It wasn’t that dark outside, but with the curtains pulled, the room had an eerie feel to it. She felt Dennis move and she fought the impulse to reach out and grab the back of his shirt. “Stay calm,” she said, even though no one was saying anything. Then the lights came back on and she screamed.
“Where did they go?”
Donna grasped at the closest person to her, which happened to be Frank. Her fingers were twisting the sleeve of his costume, while the other adults in the room looked around in confusion. All of the children were gone.
“Maybe they’re hiding,” Frank said, prying her fingers off of his costume. “They were talking about playing a game of hide and seek.”
“And they decide to do it during a power failure? That doesn’t make sense.”
“They’re kids,” Frank shrugged.
“Dennis?” Donna raised her voice, letting her son know she wasn’t in the mood for games. He didn’t come out though and neither did any of the others.
“I’m calling the police,” Nellie Stevens said, pulling her cell phone out. As she began to dial, the lights flickered out again. When they came back on, the children were back.
“What the hell… is this some kind of a joke?”
Donna turned her son around and looked at his face. He was green. Licking her fingers, a habit she’d always thought disgusting when her mother did it, but did it now herself, she scrubbed at his face. It remained putrid green, no matter how much she scrubbed.
“Did you leave your clown makeup where the kids could get into it?” She asked, glaring at Frank.
“I came with my makeup on,” Frank said, sounding defensive. “Besides, my makeup is white, not green.”
“Get me some soap.” Donna wasn’t speaking to anyone in particular, but Frank moved anyway, deciding that it was better to humor her. It was just a little makeup, he didn’t know what the big deal was. He wore makeup every day.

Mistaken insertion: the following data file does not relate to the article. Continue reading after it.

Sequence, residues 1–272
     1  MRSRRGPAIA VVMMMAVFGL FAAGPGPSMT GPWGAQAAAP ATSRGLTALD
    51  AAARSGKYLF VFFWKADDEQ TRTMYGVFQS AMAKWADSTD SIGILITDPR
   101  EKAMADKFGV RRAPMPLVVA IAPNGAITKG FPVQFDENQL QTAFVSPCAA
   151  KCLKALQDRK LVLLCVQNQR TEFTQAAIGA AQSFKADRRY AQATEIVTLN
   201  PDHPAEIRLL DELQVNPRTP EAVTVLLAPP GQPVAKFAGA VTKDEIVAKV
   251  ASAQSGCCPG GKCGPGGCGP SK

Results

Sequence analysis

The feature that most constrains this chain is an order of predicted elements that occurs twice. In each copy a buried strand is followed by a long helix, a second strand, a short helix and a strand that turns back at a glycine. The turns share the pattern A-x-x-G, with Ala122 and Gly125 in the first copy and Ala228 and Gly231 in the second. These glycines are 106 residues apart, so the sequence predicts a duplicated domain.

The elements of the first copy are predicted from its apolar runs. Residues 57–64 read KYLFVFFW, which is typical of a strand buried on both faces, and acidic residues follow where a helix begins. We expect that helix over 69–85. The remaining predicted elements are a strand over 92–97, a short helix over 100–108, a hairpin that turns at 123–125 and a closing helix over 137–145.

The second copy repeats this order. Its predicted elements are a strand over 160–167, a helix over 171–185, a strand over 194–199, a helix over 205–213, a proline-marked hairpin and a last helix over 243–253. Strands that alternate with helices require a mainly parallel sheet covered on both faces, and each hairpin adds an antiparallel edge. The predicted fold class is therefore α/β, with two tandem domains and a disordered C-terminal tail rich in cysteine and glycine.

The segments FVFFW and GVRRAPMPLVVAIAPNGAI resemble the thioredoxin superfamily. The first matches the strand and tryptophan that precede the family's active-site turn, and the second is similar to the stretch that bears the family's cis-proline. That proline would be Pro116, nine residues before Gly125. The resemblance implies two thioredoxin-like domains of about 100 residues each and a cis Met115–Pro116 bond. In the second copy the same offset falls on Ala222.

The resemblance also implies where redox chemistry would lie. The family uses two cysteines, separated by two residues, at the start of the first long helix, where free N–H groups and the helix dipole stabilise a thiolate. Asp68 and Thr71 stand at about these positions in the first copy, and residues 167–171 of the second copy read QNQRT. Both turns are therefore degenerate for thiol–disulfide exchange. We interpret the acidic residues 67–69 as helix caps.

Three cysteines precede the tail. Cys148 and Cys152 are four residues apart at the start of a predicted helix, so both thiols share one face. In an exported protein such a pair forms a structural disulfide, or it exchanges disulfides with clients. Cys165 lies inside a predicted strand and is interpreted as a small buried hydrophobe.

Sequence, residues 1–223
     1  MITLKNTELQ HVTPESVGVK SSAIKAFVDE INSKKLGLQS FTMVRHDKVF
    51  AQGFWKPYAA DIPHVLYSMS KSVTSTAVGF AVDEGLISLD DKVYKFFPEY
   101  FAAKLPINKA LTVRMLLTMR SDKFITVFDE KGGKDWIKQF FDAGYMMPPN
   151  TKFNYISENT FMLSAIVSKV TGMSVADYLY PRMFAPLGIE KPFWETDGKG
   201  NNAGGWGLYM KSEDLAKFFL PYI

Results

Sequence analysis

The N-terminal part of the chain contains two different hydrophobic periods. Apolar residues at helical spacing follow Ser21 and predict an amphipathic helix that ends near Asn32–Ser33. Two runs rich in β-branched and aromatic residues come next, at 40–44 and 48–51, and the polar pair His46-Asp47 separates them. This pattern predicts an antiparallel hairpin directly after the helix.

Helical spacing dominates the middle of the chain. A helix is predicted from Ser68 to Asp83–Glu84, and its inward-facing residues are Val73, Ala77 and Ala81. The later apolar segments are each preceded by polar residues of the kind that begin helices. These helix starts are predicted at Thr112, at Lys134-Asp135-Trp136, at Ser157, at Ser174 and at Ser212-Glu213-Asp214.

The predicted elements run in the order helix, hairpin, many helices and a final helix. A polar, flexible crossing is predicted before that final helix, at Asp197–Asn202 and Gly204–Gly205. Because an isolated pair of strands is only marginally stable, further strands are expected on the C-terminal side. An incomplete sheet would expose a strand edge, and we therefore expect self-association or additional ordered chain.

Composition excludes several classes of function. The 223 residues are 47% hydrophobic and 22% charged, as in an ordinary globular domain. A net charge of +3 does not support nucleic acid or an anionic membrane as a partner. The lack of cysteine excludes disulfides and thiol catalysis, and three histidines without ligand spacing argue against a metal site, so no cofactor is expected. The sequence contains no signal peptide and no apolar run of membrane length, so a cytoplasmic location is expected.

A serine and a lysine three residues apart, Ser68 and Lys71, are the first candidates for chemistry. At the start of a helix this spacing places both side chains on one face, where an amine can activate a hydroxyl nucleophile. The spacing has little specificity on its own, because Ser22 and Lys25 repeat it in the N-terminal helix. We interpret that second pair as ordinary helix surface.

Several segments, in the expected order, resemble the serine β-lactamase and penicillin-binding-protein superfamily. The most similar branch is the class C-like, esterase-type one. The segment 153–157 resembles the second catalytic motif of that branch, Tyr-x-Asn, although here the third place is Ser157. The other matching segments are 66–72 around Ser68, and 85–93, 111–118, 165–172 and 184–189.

Deciding he was through having his skin rubbed raw, Dennis swung his arm at his mother, knocking her backwards and onto the ground.
“Dennis Michael!” Donna struggled, trying to find the words to convey her anger. Her son, like any other boy, had talked back to her before, ignored her requests to clean his room and other things that boys…well children, would do. But he had never hit her.
Dennis looked down at her, the gleam she was so used to seeing in his eyes, gone. If she didn’t know better, she would think he was dead, a walking zombie, like the creatures on that AMC show he liked to watch so much.
Then he growled and dove on her. His movement seemed to trigger the other children, who attacked the adults with abandon. Frank came back into the room with a soap dispenser, only to have Sally Clemens tackle him to the ground. She reached up and plucked his red nose from his face, nearly taking his real nose with it. Then she leaned over him, drool dangling from her mouth, and he realized she was going to bite it off.
In the corner, unseen by those in the room, two creatures watched what was going on.
“My, but that was dramatic... lights off, lights on."
"I have a flare for the dramatic. Makes it more exciting."
"I thought we were supposed to make birthday wishes come true."
“Then I don’t understand…." the younger fairy said, confused. "He wished his father were dead, yet he’s still in bed with the woman that is not his wife.”
“Oh dear,” the older fairy moaned. “My hearing has been going… that’s why I’m retiring. I thought he wished he wished he and his friends to be un-dead."
“Why would he wish that?” The younger fairy asked.
“Well I know it doesn’t make much sense now, but zombies are all the rage these days.” The older fairy paused, hearing a car pull up outside. "Oh good, it looks like daddy did make it after all. Dennis can still get his wish."